“I have been too. Honestly, with the semester in full swing, I’m so nervous about getting behind. I’ve tried to stay on top of our assignments.”

She nodded, unveiling a small smile. “Where are you stationed in the park?”

“Elena’s Castle.”

Her brows perked up. “Really? That sounds cool. I wanted to work in the Costuming Department, but I got placed in València over near the Enchanted Forest instead. I’ve had a few shifts where I shadowed the chef or ma?tre d', but most of the time, I’m just bussing tables.”

“No way! That’s still awesome. I’ve never even been inside.”

She smiled, viewing her position with new enthusiasm now that I had deemed it cool. “Sometimes at the end of my shifts, they let me take home leftover food.”

My jaw dropped. The restaurant was Michelin-starred. Reservations were based on a lottery system. There were news stories all the time of celebrities getting turned away.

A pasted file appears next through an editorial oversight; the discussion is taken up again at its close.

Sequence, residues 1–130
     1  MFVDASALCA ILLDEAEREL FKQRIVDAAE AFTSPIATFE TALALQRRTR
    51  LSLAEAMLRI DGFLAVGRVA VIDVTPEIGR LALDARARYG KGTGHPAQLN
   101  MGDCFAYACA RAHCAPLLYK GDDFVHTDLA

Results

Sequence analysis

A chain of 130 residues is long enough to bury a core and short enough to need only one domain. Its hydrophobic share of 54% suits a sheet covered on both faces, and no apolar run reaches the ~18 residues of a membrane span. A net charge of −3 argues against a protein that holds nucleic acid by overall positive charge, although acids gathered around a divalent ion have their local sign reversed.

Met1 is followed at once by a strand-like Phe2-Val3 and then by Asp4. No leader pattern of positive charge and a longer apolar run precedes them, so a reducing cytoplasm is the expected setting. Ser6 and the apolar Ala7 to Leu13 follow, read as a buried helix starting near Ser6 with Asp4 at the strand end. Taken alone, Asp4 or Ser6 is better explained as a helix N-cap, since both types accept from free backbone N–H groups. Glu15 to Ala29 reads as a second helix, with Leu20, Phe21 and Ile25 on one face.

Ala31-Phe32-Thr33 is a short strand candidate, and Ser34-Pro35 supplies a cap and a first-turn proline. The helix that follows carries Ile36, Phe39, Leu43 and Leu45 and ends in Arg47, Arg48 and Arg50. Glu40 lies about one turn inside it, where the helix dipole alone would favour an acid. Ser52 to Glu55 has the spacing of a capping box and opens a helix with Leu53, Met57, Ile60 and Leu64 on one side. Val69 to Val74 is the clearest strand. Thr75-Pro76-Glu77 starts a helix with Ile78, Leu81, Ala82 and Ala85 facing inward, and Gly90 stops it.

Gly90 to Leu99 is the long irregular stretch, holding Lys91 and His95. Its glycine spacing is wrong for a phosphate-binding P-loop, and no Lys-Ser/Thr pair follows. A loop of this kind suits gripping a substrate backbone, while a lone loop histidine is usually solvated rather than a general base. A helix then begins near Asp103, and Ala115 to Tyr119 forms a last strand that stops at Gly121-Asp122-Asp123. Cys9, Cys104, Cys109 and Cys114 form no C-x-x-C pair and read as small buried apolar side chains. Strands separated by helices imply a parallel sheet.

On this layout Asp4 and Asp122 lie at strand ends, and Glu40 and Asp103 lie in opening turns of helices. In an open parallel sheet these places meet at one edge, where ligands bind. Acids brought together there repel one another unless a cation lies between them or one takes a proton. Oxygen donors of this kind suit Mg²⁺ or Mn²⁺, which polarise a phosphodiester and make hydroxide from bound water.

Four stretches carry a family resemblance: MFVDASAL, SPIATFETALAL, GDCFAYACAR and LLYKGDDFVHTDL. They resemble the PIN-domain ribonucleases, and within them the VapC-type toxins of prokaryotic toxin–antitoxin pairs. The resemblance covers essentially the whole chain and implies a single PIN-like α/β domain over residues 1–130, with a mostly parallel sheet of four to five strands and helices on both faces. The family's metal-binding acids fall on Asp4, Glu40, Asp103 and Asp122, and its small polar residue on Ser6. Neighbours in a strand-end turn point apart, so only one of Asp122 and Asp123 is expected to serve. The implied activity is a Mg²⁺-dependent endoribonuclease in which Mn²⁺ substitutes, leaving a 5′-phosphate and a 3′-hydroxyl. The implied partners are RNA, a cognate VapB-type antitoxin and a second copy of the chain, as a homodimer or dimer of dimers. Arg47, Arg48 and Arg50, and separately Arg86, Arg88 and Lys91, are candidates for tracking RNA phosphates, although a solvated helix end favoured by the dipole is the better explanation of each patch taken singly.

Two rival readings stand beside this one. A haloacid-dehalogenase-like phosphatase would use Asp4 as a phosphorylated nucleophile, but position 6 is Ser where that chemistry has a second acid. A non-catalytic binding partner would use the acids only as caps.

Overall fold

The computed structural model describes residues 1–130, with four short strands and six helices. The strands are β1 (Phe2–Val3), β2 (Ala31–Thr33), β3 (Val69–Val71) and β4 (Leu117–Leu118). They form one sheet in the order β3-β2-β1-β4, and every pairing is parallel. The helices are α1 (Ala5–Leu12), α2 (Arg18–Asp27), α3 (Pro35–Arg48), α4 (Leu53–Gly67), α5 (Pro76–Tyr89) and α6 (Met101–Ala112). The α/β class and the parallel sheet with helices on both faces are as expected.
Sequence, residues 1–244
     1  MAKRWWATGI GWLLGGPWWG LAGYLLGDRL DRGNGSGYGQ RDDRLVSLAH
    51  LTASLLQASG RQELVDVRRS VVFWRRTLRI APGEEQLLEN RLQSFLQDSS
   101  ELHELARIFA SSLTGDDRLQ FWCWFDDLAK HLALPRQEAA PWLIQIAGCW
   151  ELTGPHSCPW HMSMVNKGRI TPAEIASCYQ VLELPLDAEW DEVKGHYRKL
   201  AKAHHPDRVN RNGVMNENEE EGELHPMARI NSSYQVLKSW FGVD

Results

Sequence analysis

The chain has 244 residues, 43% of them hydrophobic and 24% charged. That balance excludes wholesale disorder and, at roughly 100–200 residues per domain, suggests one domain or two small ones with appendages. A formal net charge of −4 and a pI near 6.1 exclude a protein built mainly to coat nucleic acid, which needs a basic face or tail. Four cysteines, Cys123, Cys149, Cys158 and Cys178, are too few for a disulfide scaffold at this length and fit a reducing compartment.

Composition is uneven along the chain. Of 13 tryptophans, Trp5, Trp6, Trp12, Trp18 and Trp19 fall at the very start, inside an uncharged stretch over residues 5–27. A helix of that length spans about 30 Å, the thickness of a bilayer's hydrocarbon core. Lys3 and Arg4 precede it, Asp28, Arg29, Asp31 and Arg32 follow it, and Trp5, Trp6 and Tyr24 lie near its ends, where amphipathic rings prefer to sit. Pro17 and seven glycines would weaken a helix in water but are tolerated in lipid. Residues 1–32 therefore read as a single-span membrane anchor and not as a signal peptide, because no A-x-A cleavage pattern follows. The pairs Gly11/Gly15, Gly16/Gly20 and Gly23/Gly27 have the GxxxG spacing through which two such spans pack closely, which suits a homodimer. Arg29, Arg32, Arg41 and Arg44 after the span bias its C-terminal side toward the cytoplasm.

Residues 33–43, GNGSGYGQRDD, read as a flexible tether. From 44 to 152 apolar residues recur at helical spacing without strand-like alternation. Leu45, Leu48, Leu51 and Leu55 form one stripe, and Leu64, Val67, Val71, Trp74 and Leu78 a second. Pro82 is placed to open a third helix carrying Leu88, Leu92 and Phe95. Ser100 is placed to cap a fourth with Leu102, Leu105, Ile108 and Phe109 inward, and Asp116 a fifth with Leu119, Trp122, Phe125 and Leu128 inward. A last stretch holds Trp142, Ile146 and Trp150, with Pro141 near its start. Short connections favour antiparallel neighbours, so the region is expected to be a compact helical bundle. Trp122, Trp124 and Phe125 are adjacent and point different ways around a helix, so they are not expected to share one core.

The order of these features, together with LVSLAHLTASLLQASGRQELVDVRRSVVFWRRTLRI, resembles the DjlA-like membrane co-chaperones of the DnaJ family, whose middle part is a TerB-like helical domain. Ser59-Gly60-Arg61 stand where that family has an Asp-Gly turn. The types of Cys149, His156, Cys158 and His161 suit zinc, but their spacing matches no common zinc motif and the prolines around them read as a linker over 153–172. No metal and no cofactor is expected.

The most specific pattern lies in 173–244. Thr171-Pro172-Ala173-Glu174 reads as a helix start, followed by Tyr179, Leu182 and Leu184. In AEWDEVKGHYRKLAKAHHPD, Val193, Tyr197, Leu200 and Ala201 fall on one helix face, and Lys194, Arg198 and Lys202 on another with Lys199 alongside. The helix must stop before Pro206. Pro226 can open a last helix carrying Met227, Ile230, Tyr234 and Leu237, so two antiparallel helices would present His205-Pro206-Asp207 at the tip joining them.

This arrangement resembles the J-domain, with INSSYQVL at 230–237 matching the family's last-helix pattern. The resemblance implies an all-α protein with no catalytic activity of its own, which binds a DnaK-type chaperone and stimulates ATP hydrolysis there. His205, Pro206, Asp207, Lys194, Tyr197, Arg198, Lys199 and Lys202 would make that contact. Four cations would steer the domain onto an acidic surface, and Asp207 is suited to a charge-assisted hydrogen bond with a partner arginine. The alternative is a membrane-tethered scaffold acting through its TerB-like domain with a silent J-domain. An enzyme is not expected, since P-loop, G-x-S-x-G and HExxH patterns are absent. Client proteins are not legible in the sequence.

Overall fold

We stayed there talking through the remainder of lunch. Small talk gave way to frenzied chatter, each of us talking over the other in a rush to get out all the words we’d been swallowing the last few weeks.

In the middle of that chaos, I found out Carrie wasn’t living in the dorms.

“They were booked up by the time I sent in my housing request. I’m staying with a family friend about twenty minutes from the park.”

I nearly leapt across the table with excitement. “I don’t have a roommate! They never showed up, and to be honest, I’m not even sure administration realizes I’m living by myself.”


I nodded, wheels spinning.

Neither one of us thought it was weird to suggest rooming together within thirty minutes of meeting. In fact, we were both on board. We left the cafeteria side by side and marched to the admin office together. My first task from Derek was officially complete.